(Residencia Estudiantil de Presidente Salvador Allende)

We talked a little more about health care and I noticed that I was intrigued about what they didn’t say. In our Public Health courses here in Cuba, we learned a lot about the informal sector and the people to people based interactions and systems coproducing the impressive health statistics that Cuba and the rest of the health world like to highlight. Knowing this, at first I thought it was interesting how the medical students tended to repeat those same statistics, like the low infant and maternal mortality rate and the high life expectancy, without acknowledging what I had learned to be a crucial part of Cuba’s health successes. However, given that the government has been responsible for the formal (that is the more visible) reforms to health since the revolution, it makes sense that the medical students, like the majority of spectators of Cuba, see the health accomplishments as a direct result of those reforms.

We finished up the hair, and I thanked Lamisi and her friends for their help and gave her a little gift (she wouldn’t accept any money). She walked me to the bus stop were we said our goodbyes and I boarded the Wawa to take me back to our casa particular and reflected on that cool, chance, and in a weird way, so typically Cuban experience. I got home, painted my nails because I felt like it, and started packing.

PS: Shout out for Drake for making his hit single “Fancy” just so I could quote it as the title for this blog post. You the realest Drizzy.


20160813_222051(Miriam and me with my newly braided hair)

Four canes, a tarp, and a light

It’s hard to believe that it is already my last week in Cuba. So much time has gone by, but in many ways it feels like we just got here yesterday. We only just started working with Teatro Buendía (a world renowned theatre company in Cuba) a few weeks ago.They perform a lot of adaptations of western stories, reimagining within the context of their own country. They have performed shows based on pieces like The Tempest by William Shakespeare. They use metaphor as a way to overcome censorshiIMG_3357p, allowing them to create stories that challenge the people around them.. 

While Buendía has traveled the world, they are a small theatre company. The theatre must be collaborative to get things done. While one person writes the script everyone gets to have input. The actors help find costumes and props and also help build the set.It’s so easy to get caught up in the big productions in the US, where they have working kitchens on stage, and realism is what a lot of theaters aim for. Sometimes, though, like I’m learning with Buendía, it’s just about coming together to tell a story.

This past Thursday we got the chance to see the work of a theatre company that emerged with people who had been part of Buendía. They presented an adaptation of Oedipus Rex. It was amazing what they did on stage with two lights, a scarf, a tarp, and four wooden canes. Because they had to make choices about what things they wanted to include, they became creative about the ways that they include them. Everything serves multiple purposes. The light stationed at the front of the stage not only allows you to see, it allows their to be shadows on the wall, creating tableaus during the whole performance. The canes not only help the blind Oedipus walk, they are weapons for his two sons or a tent when he needs to rest.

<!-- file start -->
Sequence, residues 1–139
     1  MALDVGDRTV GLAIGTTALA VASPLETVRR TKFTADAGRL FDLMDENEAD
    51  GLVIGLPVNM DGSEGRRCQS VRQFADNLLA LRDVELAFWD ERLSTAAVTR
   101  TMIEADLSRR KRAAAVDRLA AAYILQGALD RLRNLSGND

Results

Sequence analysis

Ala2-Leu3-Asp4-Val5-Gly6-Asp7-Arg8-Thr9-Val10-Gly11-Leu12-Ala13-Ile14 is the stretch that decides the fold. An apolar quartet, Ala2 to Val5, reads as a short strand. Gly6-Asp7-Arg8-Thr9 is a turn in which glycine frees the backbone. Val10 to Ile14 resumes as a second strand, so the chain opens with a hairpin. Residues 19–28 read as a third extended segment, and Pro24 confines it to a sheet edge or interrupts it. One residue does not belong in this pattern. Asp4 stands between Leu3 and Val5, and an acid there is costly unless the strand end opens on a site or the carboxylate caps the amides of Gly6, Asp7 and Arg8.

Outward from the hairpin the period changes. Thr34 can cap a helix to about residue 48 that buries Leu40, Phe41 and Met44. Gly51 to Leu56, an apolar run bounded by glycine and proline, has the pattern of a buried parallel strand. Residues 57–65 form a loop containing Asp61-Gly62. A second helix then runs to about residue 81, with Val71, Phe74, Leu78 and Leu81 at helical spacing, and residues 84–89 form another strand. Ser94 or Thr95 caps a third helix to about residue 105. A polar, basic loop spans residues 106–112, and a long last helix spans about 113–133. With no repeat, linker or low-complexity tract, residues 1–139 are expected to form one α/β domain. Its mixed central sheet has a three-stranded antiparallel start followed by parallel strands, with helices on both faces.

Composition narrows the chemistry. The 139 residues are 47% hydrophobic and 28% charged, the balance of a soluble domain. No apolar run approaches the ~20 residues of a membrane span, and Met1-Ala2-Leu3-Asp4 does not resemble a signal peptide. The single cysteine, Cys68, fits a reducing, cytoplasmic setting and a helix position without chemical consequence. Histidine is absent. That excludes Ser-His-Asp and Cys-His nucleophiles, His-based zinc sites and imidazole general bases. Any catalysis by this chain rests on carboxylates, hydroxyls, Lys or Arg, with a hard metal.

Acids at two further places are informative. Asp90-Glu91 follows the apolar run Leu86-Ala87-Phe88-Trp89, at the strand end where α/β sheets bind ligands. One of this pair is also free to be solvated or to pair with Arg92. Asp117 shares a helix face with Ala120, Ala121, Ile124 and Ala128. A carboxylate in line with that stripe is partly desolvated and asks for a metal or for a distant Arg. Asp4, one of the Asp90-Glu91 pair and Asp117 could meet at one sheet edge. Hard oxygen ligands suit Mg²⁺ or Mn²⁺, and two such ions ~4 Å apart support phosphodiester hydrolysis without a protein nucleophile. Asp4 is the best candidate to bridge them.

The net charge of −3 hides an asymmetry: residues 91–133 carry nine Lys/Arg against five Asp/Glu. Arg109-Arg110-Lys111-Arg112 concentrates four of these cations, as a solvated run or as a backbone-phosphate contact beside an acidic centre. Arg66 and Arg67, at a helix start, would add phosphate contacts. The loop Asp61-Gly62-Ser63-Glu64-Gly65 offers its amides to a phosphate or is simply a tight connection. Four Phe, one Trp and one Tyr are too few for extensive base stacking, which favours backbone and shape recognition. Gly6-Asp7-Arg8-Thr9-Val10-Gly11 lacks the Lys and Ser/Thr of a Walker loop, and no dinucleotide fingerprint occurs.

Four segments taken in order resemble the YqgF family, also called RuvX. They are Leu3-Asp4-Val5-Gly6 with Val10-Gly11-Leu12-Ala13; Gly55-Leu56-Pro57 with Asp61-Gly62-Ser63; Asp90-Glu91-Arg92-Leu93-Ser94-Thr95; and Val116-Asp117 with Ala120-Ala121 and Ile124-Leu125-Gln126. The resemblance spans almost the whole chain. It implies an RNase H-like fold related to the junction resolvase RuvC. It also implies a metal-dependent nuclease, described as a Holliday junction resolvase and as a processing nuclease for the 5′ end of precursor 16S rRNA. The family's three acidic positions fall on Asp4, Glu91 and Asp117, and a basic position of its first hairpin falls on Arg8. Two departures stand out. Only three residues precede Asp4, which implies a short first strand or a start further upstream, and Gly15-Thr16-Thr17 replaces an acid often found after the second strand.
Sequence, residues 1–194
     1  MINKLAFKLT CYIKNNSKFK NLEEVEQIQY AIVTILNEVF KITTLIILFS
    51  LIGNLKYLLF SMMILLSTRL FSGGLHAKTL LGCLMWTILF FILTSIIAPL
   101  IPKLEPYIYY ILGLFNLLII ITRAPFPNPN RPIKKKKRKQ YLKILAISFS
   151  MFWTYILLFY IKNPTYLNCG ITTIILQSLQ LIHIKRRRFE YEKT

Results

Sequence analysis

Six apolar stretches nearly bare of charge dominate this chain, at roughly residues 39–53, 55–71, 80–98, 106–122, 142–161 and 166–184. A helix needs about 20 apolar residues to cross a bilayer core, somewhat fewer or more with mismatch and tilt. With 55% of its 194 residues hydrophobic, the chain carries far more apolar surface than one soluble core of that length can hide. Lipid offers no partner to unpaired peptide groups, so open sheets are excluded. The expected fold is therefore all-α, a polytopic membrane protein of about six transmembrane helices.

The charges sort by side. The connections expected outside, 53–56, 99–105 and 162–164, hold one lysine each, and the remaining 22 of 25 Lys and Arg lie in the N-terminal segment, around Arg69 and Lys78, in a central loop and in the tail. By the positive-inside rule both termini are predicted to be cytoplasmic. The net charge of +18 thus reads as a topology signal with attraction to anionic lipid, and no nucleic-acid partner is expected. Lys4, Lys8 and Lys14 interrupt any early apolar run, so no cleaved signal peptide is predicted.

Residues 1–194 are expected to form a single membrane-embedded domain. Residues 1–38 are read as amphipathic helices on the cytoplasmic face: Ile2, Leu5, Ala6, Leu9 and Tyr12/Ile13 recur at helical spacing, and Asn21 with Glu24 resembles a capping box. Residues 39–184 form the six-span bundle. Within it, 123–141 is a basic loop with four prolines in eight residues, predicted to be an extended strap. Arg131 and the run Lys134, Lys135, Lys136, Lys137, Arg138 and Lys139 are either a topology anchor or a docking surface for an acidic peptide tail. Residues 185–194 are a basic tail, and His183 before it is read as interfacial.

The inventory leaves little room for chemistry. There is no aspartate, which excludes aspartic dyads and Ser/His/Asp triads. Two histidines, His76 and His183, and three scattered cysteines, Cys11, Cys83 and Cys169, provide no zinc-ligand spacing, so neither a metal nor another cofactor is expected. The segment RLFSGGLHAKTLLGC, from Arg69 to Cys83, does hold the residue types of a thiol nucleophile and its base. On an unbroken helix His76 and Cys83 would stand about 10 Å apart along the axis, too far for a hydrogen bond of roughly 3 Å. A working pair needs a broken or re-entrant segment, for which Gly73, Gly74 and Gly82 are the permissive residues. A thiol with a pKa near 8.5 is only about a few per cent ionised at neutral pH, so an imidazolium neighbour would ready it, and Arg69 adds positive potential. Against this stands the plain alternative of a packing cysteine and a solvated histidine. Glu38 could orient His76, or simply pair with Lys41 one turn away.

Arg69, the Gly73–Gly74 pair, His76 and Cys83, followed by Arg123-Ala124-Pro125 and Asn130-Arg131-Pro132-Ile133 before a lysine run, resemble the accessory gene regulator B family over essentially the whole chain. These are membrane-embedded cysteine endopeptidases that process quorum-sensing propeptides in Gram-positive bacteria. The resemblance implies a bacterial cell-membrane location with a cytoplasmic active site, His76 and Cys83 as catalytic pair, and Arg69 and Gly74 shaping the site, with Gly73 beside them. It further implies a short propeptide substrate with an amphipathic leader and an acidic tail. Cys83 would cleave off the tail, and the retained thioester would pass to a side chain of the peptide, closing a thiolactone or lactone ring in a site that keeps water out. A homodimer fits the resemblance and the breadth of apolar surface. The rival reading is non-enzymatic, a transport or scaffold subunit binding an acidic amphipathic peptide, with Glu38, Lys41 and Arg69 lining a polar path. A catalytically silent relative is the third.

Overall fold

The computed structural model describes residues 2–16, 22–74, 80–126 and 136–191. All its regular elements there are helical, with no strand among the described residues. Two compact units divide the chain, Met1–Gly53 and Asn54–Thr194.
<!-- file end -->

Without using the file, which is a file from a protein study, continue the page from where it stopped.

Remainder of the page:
Because these artists don’t have crazy budgets like a lot of places in the US, they must be resourceful with what they do have. This is something I have seen in most places in Cuba. People have to get creative to make things work. In the case of theatre, at least, it isn’t necessarily always a bad thing. The shows created are so much more creative than a lot of theatre I have seen in the US. It just goes to show how little you need to tell a good story.

Respectfully Foreign

Cuba, especially Havana, has a thriving tourist industry – in case you were unaware. This is fairly obvious as you walk down the street, with many people speaking in languages other than Spanish, wearing stereotypical tourist fedoras and Bermuda shorts, and taking way too many pictures of questionably photo-worthy subjects. As at least a slightly long-term student and resident of Havana, I feel a little differently than a typical foreign tourist. Although I am in no way living the life of a typical Cuban, neither am I a typical tourist. I have a purpose for being here; I am a student. And one of the most interesting thing I’ve learned about – mostly through living and exploring – is the dual economy here in Havana, and in Cuba in general.

Cuba has two forms of currency: moneda nacional, which is the normal Cuban currency, and CUC, which are convertible into U.S. dollars. One dollar of the national currency is worth a fraction of a CUC – currency only accessible to wealthier Cubans and foreigners. Realizing that the average Cuban salary paid for a state-sponsored job is less than $20 a month, when Northwestern told me to bring enough money to spend $200+ a month was actually shocking. So many of the spaces targeted towards tourists are almost completely inaccessible to most Cubans, though the ones that we befriend usually get taken along with us. That dynamic, of Cuban friends depending on us monetarily, is in and of itself a little uncomfortable sometimes, but there is not getting around the fact that $20 to a Cuban means a lot more than it does to me, even if I am not rich in any sense of the word by American standards. For Cubans, it’s not just luxury items, club cover fees, or fancy restaurants that require CUC. With the amount of food and necessary items decreasing in monthly state rations, there is an increasing number of things available only in CUC, or on the black market.